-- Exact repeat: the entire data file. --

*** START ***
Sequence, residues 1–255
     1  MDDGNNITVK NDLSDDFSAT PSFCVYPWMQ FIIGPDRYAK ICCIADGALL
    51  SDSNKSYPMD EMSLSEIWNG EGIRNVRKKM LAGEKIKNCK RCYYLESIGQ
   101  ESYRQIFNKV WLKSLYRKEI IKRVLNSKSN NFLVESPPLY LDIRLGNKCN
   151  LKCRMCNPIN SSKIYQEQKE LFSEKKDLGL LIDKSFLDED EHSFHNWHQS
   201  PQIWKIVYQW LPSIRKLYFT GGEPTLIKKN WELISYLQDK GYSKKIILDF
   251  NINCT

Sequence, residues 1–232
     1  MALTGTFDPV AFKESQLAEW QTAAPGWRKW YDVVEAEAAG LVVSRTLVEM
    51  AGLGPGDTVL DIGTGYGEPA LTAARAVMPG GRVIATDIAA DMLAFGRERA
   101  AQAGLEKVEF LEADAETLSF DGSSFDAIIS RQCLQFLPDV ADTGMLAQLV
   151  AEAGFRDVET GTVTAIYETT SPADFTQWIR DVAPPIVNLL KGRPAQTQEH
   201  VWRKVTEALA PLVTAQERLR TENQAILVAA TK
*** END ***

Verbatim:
Sequence, residues 1–255
     1  MDDGNNITVK NDLSDDFSAT PSFCVYPWMQ FIIGPDRYAK ICCIADGALL
    51  SDSNKSYPMD EMSLSEIWNG EGIRNVRKKM LAGEKIKNCK RCYYLESIGQ
   101  ESYRQIFNKV WLKSLYRKEI IKRVLNSKSN NFLVESPPLY LDIRLGNKCN
   151  LKCRMCNPIN SSKIYQEQKE LFSEKKDLGL LIDKSFLDED EHSFHNWHQS
   201  PQIWKIVYQW LPSIRKLYFT GGEPTLIKKN WELISYLQDK GYSKKIILDF
   251  NINCT

Sequence, residues 1–232
     1  MALTGTFDPV AFKESQLAEW QTAAPGWRKW YDVVEAEAAG LVVSRTLVEM
    51  AGLGPGDTVL DIGTGYGEPA LTAARAVMPG GRVIATDIAA DMLAFGRERA
   101  AQAGLEKVEF LEADAETLSF DGSSFDAIIS RQCLQFLPDV ADTGMLAQLV
   151  AEAGFRDVET GTVTAIYETT SPADFTQWIR DVAPPIVNLL KGRPAQTQEH
   201  VWRKVTEALA PLVTAQERLR TENQAILVAA TK